Cotton price increase to hit Primark hard

April 28, 2011

With the recent VAT increase, and the impact of higher input costs, such as cotton. Primark’s owner, Associated British Foods (ABF) has warned profit margins at the fast-fashion retailer will fall.

Shares in ABF have fallen by almost 6pc as a result of such factors. ABF has said that in the six months to March 5th, Primark’s operating profit margin fell. Furthermore, the company “expects to reduce margins further” in the second half of its financial year.

ABF shares dropped 61p to 984p, a 5.8pc decline.

However, George Weston, ABF’s chief executive, has stated that although costs of necessities such as cotton have risen, as well as VAT, Primark will “continue to offer the best value on the high street” so customers won’t feel the burden of increasing manufacturing costs.

Mr Weston was also quick to point out positives, claiming that unlike rival chains, like-for-like sales are growing at the fast-fashion retailer. The figures do prove this, as over the half-year period to March, like-for-like sales rose by 3pc and continue to do so. He also sated that the Easter period was “great” for Primark’s sales.

As well as owning Primark, ABF also owns Twinings tea, Kingsmill bread and Silver Spoon sugar – and their overall pre-tax profit in the six months to March 5th was £319m, down £1m from last year. Revenue did however increase, by 9pc to £5.2pc.

We’ve been seeing a lot of international desire from retailers recently; ABF’s plans for Primark also reflect this. Already having 214 shops, with 10 new stores opened in the first half and six planned for the second half of the year – ABF have announced that over the first six month’s of their next financial year, they will open five shops in Germany. ABF have described Primark’s Continental Europe growth as being “very encouraging”.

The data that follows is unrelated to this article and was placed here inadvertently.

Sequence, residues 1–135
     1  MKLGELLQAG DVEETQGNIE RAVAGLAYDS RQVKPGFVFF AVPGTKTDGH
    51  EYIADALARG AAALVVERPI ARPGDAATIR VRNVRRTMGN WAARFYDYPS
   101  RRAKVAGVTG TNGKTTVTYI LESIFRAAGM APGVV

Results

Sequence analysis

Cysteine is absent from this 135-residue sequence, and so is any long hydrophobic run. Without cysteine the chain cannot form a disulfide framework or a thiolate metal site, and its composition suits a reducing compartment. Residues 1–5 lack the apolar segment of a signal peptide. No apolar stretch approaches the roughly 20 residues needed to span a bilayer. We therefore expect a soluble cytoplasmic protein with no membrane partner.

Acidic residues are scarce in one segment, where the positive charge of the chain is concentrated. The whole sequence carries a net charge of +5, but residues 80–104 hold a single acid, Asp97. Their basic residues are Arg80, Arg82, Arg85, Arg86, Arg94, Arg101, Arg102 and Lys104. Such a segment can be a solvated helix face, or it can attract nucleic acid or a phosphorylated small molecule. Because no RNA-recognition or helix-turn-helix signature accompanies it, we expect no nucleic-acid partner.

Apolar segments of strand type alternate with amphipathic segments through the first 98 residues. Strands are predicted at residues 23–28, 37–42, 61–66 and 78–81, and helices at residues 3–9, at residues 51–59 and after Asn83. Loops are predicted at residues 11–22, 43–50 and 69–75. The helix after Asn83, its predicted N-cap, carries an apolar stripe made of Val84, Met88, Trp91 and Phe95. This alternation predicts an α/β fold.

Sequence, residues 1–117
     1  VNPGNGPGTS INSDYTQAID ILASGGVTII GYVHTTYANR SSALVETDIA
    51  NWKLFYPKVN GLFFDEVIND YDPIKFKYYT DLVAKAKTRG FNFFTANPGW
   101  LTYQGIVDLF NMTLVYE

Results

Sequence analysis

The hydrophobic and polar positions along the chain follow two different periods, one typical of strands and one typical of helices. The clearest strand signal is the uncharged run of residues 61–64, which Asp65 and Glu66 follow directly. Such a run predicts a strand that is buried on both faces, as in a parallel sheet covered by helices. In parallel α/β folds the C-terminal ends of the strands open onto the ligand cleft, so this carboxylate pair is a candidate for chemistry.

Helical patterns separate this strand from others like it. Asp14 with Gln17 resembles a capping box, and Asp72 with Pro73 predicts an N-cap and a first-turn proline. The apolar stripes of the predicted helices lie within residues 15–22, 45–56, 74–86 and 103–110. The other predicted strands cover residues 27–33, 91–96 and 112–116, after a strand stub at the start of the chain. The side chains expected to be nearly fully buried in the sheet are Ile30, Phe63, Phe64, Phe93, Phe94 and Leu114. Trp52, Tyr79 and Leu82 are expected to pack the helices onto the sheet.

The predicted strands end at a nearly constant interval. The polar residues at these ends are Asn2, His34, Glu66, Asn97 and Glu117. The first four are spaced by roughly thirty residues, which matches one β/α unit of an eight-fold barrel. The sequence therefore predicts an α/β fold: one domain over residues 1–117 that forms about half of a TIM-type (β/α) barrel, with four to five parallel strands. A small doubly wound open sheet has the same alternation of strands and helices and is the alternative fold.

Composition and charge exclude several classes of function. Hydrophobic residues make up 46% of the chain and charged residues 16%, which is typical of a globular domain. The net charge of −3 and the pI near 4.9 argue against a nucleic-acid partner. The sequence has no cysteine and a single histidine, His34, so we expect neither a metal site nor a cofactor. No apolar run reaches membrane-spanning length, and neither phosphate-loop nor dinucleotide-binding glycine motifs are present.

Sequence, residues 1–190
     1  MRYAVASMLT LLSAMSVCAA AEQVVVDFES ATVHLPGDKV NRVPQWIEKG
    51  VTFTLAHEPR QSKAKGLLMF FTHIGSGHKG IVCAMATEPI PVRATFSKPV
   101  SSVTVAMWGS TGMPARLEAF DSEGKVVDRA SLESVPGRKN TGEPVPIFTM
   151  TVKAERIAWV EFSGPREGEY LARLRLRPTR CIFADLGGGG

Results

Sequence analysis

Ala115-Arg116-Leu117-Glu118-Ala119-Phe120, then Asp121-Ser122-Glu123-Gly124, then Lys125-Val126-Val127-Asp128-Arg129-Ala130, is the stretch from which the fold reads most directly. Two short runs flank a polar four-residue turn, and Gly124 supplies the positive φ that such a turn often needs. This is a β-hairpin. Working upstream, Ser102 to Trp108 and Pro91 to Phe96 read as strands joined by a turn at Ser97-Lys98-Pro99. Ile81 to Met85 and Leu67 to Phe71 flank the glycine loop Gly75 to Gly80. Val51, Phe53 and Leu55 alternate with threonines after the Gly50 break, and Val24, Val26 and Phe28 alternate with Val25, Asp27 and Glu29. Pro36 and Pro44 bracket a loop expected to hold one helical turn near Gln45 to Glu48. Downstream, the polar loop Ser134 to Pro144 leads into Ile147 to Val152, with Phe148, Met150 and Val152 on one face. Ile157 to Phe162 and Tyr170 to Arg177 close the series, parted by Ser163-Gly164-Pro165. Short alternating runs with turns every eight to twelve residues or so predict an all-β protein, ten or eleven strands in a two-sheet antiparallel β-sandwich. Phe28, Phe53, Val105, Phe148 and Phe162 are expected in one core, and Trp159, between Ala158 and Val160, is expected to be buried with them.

So it seems Primark are keen to move on from what hasn’t been the best period and start looking to the future. They have a strategy in place that will allow them to continue offering the lowest prices possible to their customers, and are even thinking on a global scale.

In other news…

Upcoming retailers will already be well aware of the importance of social media in establishing a business, but social integration and recommendations engine, nTokio, suggest that retailers have a much larger captive audience on their own sites than on social networks such as Facebook.

They are urging retailers to take advantage of existing communities on their existing websites, rather than neglecting them for developing a Facebook store. nTokio advise retailers to incorporate social media within their websites, rather than relying on social networks to bring custom.

Much like you’ll see here on, incorporating a social network such as Twitter allows users of both the website, and the social network to engage. Gareth Mee, CEO, nTokio advises that retailers:

“Don’t try to sell on Facebook, but [retailers] should be taking a multi-pronged approach to social commerce, adding social features to their own sites to drive engagement, sales and to get to know more of their users.”